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“It is much easier to apply for jobs these days due to technology. Just a click of a button online and you are done. However, many recruiters still want to get a better sense of who you are as a potential employee. I know some online application systems may not allow for it, but when you can provide one, well written cover letters or cover emails are still valuable. They provide a sense of your writing skills and allow you to elaborate on how you are a good match for the position.

The cover letter may also help you to stand out from others who just quickly sent their resume. Follow up thank you emails are also still relevant. I have seen many instances where this small effort made an impact on the hiring manager. It shows your continued interest in the position and allows you the opportunity to point out some things you learned about the organization during the interview.”

-Alicia, Sr. HR Business Partner, NonprofitHR www.nonprofithr.com

“First impressions stick, from how you show up to an interview, to the email address you use when submitting your resume. So while something like [email protected](dot)com certainly will make an impression, it’s probably not the one you are going for.”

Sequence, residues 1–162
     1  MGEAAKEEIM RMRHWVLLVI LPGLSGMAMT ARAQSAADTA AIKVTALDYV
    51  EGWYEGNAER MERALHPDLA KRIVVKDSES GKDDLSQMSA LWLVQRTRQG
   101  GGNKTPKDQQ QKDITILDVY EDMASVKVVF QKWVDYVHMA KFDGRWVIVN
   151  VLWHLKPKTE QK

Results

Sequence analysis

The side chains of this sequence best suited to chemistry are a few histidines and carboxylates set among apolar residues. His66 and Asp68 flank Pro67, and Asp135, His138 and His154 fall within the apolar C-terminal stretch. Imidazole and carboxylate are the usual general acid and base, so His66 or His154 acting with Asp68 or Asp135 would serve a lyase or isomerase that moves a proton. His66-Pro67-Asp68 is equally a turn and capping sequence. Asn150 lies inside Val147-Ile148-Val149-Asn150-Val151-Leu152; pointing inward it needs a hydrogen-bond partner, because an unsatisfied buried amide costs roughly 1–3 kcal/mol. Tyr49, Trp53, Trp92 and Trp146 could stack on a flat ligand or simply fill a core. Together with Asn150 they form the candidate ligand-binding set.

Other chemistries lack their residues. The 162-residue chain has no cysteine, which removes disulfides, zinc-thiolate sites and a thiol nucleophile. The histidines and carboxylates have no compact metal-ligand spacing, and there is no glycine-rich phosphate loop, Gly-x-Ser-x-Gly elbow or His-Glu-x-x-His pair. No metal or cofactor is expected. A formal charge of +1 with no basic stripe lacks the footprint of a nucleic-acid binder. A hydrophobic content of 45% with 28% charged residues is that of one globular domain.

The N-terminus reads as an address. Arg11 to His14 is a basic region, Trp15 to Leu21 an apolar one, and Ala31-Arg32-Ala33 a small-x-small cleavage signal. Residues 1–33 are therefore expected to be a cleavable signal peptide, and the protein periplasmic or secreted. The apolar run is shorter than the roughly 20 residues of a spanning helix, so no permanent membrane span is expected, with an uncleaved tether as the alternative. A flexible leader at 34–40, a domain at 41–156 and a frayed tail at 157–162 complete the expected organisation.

-Ann, HR Specialist, Federal Government

“My pet peeve during interviews is when a candidate doesn’t ask any questions. It makes them appear disinterested in the position. A good question to ask is, “What would the ideal candidate for this position look like?” A great follow-up question is, “Do you have any concerns, based on my qualifications and what we’ve discussed, about my ability to perform this role?” Then use their answer to make a case for why you’d be a great hire, despite these concerns. For example, “It’s true that I have fewer years of formal managerial experience than you’re seeking, but I’ve been informally leading successful project teams since 2008 and I believe my experience in this area will meet the need.”

Thank you notes do matter, but send via email and not US mail. A hand-written note is a nice touch, but it may arrive after the decision has been made. A thank-you email demonstrates that you’re interested in the role and serious about pursuing it. Lastly, be yourself! Let your personality come through so your interviewers get a sense of who you are. If the interviewers don’t mesh with you personally, it’s better for all concerned to find that out during the interview rather than on the first day of employment. And remember—they’re not the only ones with decision-making power. You’re interviewing them too.”

-Chloe, HR Director, Consulting


Read our blog post:
What HR Wants You To Know This Valentine’s Day


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